Clown Tears, Tassels and the Uncaring Club Crowd

2017 February 13
by ghostnote101


Cirque at The Deaf Institute was advertised as a ‘burlesque circus spectacular’. In my mind, this conjures up images of mood-lit, sultry dancing girls, pulling off gloves with their teeth to the sounds of jazz, accompanied by fire-eaters, midgets and a flying monkey trapeze. Then again, to me, most things do; but this was the dream I was sold and that’s what I went along wanting.

Down in the basement, at least fifty people cram into a pitch-dark room the size of a large kitchen. Stomping broken glass into the floor, this pack of raving animals dance wildly, as punchy electronica, with chemical assistance, pounds through veins and spinal columns. This is good. This is underground clubbing.

Step upstairs and it’s a different story. The ground floor bar feels hollow, a soulless limbo between the dangerous basement and the expected pleasures of the top floor. Another experience on the stairs: this now feels like a frat house party. A dark wooden banister is the only thing visible, leading up through the winding staircase of people, to the top floor music hall. Here, home stereo speakers are stacked high behind the low-key bar; twisted animal print wallpaper lines every wall. If it were not for the unusual theatre seating and stage, you’d be forgiven for thinking that someone lived here and was throwing one hell of a birthday knees-up

Every space packed to the hilt, every person that certain breed of beautiful: a sneering, pouting, living, breathing showcase of the ripped-off Jack Wills catalogue. The lads are drunk and leering, the girls are self-obsessed and cold. Up high in the steeply banked seating, swathes of imitation gossip-girl starlets writhe to the blues, soul and rock ‘n’ roll that it’s now retro cool to like; gurning and posing their kookiest poses for camera-phone giggles and Facebook appeal. 

I love the venue, I love the music, I love the concept, but these people… They represent everything I hate about clubbing: the sweaty, claustrophobic, drunken undulating of too many people, too cramped to realise the delusion of regarding this as fun.

Another problem is that, whatever else this night may be, a burlesque circus it is not; and whatever other token gestures may occur, two clowned-up stilt-walkers alone will never a burlesque circus make. Until midnight, these two performers, dressed in the cheapest comedy clown suits money can rent, are the only hint that this is anything other than a regular club night. Burlesque. Circus. Do these words not demand something a little more…sexy?


If I lived in the film that I think I do, the announcement of the midnight show would have been rewritten to reflect the spirit in which it was received. Imagine the sound of a needle being pulled off a record as somebody shouts “right, that’s enough dancing. You’ve got a show to watch.” Vvvvrrrp! Silence. A pretty girl is pushed onto the stage, covered in balloons. She tries so hard. The girl dances to sleazy stripper music, popping the balloons to reveal her underwear. Gasp! She actually puts on a great show, but you’d never guess that from the crowd. Most are now talking, not even watching the parade of cheeky little dance acts. Perhaps the sight of a pretty lady is of no interest to these beer-swilling swine and preening bitches.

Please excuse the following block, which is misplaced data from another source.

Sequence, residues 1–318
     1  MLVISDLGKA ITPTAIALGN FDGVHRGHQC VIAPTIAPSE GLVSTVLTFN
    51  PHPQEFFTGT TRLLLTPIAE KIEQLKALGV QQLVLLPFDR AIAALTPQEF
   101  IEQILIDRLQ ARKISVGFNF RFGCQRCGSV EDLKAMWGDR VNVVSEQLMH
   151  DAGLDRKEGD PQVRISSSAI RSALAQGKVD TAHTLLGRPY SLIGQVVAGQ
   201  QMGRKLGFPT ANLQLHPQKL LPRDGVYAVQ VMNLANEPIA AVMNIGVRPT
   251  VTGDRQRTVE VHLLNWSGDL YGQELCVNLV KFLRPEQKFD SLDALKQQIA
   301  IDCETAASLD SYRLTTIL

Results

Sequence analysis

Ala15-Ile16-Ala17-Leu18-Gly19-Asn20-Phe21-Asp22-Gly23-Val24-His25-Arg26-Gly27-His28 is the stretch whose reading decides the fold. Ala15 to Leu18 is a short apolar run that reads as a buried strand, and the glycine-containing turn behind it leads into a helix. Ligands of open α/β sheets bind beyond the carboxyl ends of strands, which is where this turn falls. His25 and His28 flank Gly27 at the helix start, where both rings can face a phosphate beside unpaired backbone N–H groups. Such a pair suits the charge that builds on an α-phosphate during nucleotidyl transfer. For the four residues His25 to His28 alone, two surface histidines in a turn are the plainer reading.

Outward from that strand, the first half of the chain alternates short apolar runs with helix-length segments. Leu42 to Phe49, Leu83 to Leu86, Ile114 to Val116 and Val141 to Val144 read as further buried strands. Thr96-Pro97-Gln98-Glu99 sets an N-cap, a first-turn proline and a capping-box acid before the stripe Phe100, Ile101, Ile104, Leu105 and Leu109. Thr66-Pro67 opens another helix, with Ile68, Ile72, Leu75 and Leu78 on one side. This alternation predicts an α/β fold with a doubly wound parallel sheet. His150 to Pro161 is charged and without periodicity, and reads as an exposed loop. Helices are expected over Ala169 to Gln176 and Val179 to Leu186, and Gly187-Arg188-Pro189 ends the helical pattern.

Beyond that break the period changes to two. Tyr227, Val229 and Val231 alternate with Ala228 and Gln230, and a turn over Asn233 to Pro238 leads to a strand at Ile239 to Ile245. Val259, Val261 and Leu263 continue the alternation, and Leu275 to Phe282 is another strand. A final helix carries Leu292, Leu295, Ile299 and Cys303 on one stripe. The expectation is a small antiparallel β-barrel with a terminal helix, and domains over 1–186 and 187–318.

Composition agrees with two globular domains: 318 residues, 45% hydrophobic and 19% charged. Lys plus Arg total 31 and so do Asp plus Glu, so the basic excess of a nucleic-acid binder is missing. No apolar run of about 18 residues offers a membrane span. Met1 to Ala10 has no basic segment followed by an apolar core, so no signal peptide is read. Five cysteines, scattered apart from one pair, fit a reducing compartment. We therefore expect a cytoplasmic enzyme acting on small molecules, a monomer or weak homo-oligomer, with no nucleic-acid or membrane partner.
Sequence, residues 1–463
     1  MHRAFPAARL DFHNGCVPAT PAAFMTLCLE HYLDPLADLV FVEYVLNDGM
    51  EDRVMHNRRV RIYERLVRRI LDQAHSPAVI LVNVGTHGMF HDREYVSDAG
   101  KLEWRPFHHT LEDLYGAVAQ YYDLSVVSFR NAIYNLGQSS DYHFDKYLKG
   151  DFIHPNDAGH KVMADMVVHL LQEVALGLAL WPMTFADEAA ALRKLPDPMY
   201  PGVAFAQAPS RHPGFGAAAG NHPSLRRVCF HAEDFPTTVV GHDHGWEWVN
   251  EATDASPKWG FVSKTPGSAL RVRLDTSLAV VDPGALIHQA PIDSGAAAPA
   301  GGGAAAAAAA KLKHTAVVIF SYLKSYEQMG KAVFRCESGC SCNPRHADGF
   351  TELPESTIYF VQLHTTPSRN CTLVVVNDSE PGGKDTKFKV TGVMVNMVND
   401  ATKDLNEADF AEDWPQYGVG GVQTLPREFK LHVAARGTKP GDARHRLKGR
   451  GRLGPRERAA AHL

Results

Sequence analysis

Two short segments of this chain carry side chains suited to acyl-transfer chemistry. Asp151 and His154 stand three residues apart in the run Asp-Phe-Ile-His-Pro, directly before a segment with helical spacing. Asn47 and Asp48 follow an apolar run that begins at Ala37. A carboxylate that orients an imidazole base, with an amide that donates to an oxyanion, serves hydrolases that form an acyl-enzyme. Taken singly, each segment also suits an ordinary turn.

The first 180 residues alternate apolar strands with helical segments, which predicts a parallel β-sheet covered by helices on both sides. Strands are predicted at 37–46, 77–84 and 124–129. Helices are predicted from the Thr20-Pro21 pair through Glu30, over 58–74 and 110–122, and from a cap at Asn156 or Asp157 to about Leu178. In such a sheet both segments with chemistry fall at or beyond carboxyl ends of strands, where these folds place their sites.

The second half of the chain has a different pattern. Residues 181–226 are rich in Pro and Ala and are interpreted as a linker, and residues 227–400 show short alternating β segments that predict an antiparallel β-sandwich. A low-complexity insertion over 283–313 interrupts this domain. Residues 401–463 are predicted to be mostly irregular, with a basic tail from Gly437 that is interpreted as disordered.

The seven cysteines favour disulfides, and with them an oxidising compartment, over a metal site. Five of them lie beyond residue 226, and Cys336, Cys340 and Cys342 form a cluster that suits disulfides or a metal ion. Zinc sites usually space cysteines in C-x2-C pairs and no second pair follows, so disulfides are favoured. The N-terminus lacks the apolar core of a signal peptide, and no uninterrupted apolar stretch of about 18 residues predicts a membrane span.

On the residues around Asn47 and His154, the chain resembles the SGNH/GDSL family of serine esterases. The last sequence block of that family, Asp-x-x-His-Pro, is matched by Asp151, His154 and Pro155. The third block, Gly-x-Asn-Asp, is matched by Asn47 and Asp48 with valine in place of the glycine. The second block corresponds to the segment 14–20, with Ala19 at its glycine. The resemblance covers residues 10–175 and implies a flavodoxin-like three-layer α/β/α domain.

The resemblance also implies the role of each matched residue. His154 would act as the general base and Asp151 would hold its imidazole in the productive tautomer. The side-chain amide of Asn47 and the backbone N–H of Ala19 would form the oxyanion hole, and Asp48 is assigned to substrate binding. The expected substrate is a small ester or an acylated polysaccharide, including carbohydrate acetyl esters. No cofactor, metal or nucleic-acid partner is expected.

Ultimately, there are too many DJ intervals to allow the showcase to hang together smoothly, but maybe that’s what these people really want. They are definitely a drunken-night-out, clubbing crowd, and it could be reasonably argued that they came for the cramped, jiggling action of the dance floor as much as the burlesque jiggling action on the stage. They seem frustrated at the interruption. Only the seven-piece blues band seem to inspire much enthusiasm, and that’s only because they allow the crowd to dance. Almost incidental at this stage of the review, but the blues band are fantastic: tight as hell and as bluesy-rock as it comes. But even then, the exciting, angle-grinding, spark-shooting accompaniment artists are only there for a few songs. Is someone rationing the spectacular here?

The sad thing is that if this night didn’t work, which it didn’t, it wasn’t any of the organisers’ fault. Every element was there to provide a great experience; it was just the people who went along that let it down. For the performers, this was the toughest of tough gigs: the crowd just didn’t want them. I don’t even think there’s a word for what they did want. ‘Party’ implies that somebody’s having fun; ‘dancing’ suggests that they’d have enough room to do that. This is something that involves cramming yourself into what is essentially a herd, shouting to each other over the music, and drinking overpriced lager until you’re ‘tipsy’ enough to ignore the fact it all resembles hell. But hey, as long as the Facebook pictures are suitably wacky, and for wacky read ‘someone dancing,’ then you obviously must have had a good time. I don’t get it. I just don’t get it, and I never will.

Points to the Deaf Institute for trying, but maybe in future just give the drunken clubbers what they want. You’ve already proved yourselves as a live music venue and it’s that crowd to whom this would have appealed. Next time, and do try more things like this, make it an all-night stage show with bands. At least then, the performers would get the audience they deserve.

Words by Alexander Walsh

Photos by Mat Johns


One Response leave one →
  1. 2017 March 11

    I wanted to comment and thank the author, good stuff

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